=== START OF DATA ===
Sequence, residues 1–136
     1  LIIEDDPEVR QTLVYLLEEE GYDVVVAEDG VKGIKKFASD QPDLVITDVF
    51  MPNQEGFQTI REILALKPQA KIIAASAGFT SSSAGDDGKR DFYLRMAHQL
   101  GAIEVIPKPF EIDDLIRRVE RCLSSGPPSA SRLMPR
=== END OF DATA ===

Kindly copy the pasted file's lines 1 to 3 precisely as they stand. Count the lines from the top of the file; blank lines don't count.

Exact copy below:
Sequence, residues 1–136
     1  LIIEDDPEVR QTLVYLLEEE GYDVVVAEDG VKGIKKFASD QPDLVITDVF
    51  MPNQEGFQTI REILALKPQA KIIAASAGFT SSSAGDDGKR DFYLRMAHQL